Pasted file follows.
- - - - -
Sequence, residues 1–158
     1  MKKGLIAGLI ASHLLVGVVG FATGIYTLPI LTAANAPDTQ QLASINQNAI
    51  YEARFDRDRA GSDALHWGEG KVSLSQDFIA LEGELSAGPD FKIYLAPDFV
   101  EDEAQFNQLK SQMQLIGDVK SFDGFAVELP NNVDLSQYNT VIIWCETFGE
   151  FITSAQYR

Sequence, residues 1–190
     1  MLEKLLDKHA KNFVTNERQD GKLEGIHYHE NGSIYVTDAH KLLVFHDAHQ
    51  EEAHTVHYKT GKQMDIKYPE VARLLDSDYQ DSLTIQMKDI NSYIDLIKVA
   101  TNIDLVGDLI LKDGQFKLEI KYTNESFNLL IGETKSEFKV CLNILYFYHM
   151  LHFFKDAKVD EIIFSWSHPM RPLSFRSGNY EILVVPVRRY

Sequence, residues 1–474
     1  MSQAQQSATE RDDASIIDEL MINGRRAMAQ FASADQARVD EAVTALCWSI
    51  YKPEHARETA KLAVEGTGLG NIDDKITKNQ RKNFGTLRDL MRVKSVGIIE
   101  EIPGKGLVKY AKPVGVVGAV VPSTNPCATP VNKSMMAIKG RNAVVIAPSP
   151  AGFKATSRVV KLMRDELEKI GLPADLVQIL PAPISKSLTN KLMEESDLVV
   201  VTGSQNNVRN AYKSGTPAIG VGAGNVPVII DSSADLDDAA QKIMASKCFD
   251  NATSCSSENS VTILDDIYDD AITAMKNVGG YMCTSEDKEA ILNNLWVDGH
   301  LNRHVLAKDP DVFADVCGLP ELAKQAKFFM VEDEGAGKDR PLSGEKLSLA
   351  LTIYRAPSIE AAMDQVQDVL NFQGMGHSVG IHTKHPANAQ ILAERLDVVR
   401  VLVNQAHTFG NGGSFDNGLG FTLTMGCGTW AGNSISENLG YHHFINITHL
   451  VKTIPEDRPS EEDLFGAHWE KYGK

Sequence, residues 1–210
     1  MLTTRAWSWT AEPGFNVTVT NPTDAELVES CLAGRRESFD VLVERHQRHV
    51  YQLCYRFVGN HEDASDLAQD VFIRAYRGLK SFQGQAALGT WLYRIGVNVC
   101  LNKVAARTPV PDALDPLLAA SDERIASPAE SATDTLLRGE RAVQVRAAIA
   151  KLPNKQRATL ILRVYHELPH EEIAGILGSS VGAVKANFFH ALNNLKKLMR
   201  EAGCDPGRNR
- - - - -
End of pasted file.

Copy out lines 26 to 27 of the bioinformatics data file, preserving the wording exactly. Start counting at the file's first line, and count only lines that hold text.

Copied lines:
   151  KLPNKQRATL ILRVYHELPH EEIAGILGSS VGAVKANFFH ALNNLKKLMR
   201  EAGCDPGRNR